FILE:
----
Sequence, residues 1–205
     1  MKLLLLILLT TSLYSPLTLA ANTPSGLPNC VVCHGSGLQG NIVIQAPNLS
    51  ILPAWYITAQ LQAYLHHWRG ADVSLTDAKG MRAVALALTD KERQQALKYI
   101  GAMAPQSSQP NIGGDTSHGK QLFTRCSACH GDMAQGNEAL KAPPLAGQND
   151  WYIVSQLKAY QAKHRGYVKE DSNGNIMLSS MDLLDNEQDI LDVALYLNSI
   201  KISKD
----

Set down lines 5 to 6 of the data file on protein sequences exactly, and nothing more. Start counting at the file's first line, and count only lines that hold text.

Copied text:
   151  WYIVSQLKAY QAKHRGYVKE DSNGNIMLSS MDLLDNEQDI LDVALYLNSI
   201  KISKD